I was there. I saw LCD Soundsystem play in 2016 at Bonnaroo only 5 years after they broke up. I was there when LCD Soundsystem played the best set I’ve heard in a long time, where they closed with “All My Friends” and changed the lyrics to “Losing My Edge,” making it personal and unique. I was there when fireworks exploded overhead at just the right moment and everyone was dancing, wanting the moment never to end. I was there, when the supposed end was not the end. Swallowing my bitterness because of it, I had the time of my life.
I also saw Waxahatchee, who performs in various ways. Sometimes she plays solo and other times with just a bassist. This time, she came with a full band. Having the band allowed her to flesh out more complex material from her previous two records and lighten her solemn music to fit the overly-positive festival vibe. It was an interesting contrast- having fun in the sun outside while being immersed in songs about regret and heartbreak.
Hundred Waters’ performance was different from what I expected as well. At the first few Hundred Waters shows I ever attended the band was almost guarded and within themselves. However, at this year’s Bonnaroo the lead singer, Nicole Miglis, was engaging with the crowd and getting everyone into the music. Their music has similarly progressed over the years. Their early sound blended folk and electronic, but their latest album favors a more electronic sound.
Just after midnight on Friday, Purity Ring played in a tent that was small compared to the main stage, but their sound was monumental. The beat-driven duo’s synthesizers were set up on futuristic pillars that lit up in sync with the music, and festival-goers participated in the light show with glow sticks and other luminescent gadgets.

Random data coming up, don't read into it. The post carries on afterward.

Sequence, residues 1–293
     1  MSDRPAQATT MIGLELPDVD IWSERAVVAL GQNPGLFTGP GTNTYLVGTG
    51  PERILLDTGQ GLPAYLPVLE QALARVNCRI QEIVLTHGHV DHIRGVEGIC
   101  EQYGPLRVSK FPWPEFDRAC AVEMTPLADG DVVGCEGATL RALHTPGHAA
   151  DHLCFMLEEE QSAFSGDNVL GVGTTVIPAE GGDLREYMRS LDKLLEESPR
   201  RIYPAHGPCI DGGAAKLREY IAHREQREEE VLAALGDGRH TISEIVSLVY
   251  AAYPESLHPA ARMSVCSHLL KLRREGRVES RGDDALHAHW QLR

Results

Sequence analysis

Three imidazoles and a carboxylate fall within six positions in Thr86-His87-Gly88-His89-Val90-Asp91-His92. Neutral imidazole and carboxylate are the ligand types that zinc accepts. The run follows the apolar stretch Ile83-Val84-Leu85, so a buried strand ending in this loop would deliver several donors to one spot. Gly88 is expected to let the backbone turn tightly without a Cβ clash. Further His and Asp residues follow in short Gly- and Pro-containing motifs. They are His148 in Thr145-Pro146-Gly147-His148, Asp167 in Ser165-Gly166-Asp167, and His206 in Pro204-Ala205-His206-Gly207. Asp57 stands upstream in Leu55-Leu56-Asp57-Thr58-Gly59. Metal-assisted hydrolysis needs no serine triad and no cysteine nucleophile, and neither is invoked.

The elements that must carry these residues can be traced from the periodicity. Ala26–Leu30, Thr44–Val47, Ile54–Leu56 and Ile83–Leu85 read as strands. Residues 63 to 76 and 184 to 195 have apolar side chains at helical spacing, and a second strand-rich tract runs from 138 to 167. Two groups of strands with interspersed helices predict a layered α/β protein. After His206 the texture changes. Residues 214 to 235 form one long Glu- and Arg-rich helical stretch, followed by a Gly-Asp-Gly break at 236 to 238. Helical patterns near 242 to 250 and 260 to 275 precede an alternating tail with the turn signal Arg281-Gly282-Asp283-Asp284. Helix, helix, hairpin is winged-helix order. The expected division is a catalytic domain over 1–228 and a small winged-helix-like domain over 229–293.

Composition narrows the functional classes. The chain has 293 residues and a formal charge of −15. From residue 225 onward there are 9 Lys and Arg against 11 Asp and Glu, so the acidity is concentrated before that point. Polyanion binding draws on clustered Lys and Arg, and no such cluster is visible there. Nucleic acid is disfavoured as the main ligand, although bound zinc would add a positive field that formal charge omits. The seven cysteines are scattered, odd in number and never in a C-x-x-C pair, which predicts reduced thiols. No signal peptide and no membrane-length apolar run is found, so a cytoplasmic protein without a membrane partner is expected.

Strategically planning your next move is important at large festivals since often artists’ sets overlap. Tame Impala’s set began across the grounds before Purity Ring ended. I ventured over to hear most of it, but missed the beginning. They played psychedelic indie rock until 3 a.m., but no one seemed at all concerned with the time.
On Saturday, I was eager to start early in the festival grounds- despite my long Friday night- in order to hear the elegant voice of Natalie Prass’s. Her self-titled debut album, one of my most-loved records of 2015, employs the Spacebomb Records house band, but at the festival she performed a stripped down version of her songs, using only the essential elements of a live band: guitars and drums.
Kurt Vile & The Violators’ music has been stuck in my head ever since Bonnaroo ended. I’ll walk around accidentally singing “Pretty Pimpin’” audibly and even embarrassingly depending on who’s around. This music was made for summer relaxing, or as Vile puts it, “tak[ing] a chillax, man and forget[ting] about it.”
Father John Misty finished out my weekend on Sunday. Of all the performers I’ve seen in recent years, Father John Misty takes the cake when it comes to treating live music not only as a concert but also an actual performance. He is truly a master of his craft and was in full force. In his Misty person, he bantered in-between songs and demanded that the crowd “shut up.” Fittingly, he sang how his girl “gets down more often than a blow-up doll” while an inflatable doll served as the beach ball being passed from random person to random person.